On a wider scale, Steinbeck does not just follow the Joads on their physical and metaphorical journey.  Instead, he considers the whole community who are selling up or leaving their homes in Oklahoma, in order to set themselves up in the more promising location of California.  In so doing, we meet a wealth of different characters, from preachers like Jim Casy, who ‘ain’t got the call [of religion] no more’, and those to whom money matters more than anything else.  In consequence, Steinbeck has written such a rich novel, whose story is comprised of many small plots and stories which have been placed atop one another.  One of the strongest elements of The Grapes of Wrath is the way in which he has exemplified how humans can adapt to different and even alien environments, and how the places in which they find themselves can impact so heavily upon them for a wealth of different reasons.

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‘The Moon is Down’ by John Steinbeck ****

‘The Moon is Down’ by John Steinbeck (Penguin)

John Steinbeck’s The Moon is Down was first published in 1942.  Its title comes from Shakespeare’s Macbeth, and on reflection, it suits the piece marvellously.  Unlike much of Steinbeck’s other work, no concrete setting has been decided upon within The Moon is Down.  Even the country in which the action happens is ambiguous, with many believing that it is set somewhere in Scandinavia.

The informative afterword to the novella, which has been written by Donald V. Coers, tells the reader that in The Moon is Down, Steinbeck ‘had decided to write a work of fiction using what he had learned about the psychological effects of enemy occupation upon the populace of conquered nations’.  In doing so, Coers goes on to say that Steinbeck ‘refused to adopt the contemporary Teutonic stereotype’ for either his setting or his protagonists.  He also believes that The Moon is Down ‘demonstrates the power of ideas’, and one can only concur with this.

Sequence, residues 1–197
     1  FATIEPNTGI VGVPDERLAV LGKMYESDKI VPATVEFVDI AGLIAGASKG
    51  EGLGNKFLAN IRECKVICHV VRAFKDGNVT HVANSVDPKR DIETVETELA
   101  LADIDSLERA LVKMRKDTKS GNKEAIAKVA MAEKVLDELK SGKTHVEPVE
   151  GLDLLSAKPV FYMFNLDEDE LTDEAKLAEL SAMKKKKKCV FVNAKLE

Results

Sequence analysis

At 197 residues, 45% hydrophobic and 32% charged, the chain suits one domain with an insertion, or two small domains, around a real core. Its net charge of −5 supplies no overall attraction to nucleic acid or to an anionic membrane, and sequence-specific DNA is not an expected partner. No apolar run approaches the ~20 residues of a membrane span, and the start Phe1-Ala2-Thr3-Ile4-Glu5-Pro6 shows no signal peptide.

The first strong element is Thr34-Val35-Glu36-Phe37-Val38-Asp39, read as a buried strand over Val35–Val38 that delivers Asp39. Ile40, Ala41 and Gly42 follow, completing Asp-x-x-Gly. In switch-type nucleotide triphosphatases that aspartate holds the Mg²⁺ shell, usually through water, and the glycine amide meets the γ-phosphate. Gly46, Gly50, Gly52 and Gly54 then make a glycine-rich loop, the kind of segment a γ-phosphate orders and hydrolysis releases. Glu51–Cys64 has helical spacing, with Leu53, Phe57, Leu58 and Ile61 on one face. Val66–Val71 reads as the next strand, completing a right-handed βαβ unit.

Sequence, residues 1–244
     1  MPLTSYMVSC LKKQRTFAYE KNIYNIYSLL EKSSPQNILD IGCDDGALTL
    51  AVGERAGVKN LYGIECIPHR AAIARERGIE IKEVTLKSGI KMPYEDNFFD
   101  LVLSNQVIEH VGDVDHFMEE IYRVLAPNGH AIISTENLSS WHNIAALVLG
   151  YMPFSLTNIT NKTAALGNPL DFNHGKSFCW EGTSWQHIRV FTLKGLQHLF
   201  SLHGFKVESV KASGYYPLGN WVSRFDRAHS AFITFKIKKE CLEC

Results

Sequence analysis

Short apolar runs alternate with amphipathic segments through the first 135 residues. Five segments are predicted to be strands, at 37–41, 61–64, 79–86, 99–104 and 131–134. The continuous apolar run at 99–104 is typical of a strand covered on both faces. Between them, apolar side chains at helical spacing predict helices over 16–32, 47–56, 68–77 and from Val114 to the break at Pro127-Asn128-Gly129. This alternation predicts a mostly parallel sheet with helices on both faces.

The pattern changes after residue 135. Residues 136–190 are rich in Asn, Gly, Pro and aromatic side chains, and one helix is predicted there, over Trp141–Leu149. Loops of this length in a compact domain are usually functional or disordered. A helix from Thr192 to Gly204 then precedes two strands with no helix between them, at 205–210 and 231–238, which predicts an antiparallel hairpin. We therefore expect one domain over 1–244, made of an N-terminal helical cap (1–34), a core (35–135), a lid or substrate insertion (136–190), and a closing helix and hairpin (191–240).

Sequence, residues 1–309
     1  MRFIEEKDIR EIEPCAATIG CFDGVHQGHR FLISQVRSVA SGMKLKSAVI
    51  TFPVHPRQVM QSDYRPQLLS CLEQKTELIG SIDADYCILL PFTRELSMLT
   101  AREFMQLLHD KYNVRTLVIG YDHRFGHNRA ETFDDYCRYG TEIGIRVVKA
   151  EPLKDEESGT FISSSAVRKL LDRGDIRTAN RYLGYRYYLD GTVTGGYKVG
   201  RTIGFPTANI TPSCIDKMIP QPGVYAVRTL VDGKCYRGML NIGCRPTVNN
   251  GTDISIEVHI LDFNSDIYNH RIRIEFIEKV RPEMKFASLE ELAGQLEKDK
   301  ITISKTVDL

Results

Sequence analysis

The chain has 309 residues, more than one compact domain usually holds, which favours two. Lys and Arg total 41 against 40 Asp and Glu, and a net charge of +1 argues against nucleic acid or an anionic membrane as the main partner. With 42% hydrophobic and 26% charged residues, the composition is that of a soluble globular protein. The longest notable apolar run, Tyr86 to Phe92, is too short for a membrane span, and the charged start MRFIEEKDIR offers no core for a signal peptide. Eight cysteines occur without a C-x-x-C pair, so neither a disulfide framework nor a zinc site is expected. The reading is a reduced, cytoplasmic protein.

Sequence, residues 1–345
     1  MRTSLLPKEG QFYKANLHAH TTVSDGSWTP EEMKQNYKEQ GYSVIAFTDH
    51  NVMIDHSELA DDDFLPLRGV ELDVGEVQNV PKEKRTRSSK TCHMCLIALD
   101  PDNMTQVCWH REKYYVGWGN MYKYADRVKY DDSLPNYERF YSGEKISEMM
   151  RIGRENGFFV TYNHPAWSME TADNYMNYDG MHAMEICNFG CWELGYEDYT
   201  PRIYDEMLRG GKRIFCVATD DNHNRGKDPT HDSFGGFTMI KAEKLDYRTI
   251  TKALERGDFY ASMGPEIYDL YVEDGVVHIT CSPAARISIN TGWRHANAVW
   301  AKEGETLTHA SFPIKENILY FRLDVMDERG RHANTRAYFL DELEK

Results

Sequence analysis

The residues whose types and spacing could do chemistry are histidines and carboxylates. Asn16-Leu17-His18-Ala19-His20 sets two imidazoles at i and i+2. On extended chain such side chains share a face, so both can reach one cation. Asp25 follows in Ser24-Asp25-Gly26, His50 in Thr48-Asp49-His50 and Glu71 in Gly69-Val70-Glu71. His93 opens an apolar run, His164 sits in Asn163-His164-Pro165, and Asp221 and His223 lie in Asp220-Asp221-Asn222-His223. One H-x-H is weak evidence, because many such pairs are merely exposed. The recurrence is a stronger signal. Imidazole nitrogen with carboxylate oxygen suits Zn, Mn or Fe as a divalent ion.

The first sentence is striking, and leads on wonderfully to the main thread of the story: ‘By ten forty-five it was all over.  The town was occupied, the defenders defeated, and the war finished’.  At the beginning of the novella, six of the soldiers who have been involved in a brutal spur-of-the-moment shootout ‘became dead riddled bundles’, and three others are deemed ‘half-dead riddled bundles’.  This repetition of violence makes it all the more chilling.

Steinbeck goes on to write about the way in which, in the occupied town, ‘The days and the weeks dragged on, and the months dragged on…  The people of the conquered country setled in a slow, silent, waiting revenge’.  Steinbeck exemplifies the solidarity of the community throughout, particularly with regard to the attitudes rallied against the outsiders.    The community in question is centered around mining, and the colonel who infiltrates the town tells the Mayor that his people ‘will be in danger if they are rebellious.  We must get the coal, you see.  Our leaders do not tell us how; they order us to get it…  You must make them do the work and thus keep them safe’.  The Mayor responds that the ‘authority is the town… [and] when a direction is set, we all act together’.  The point of view of both sides has been considered throughout, a technique which works marvellously in a novella, and which makes the whole an incredibly rich read despite its deceptively short length.

John Steinbeck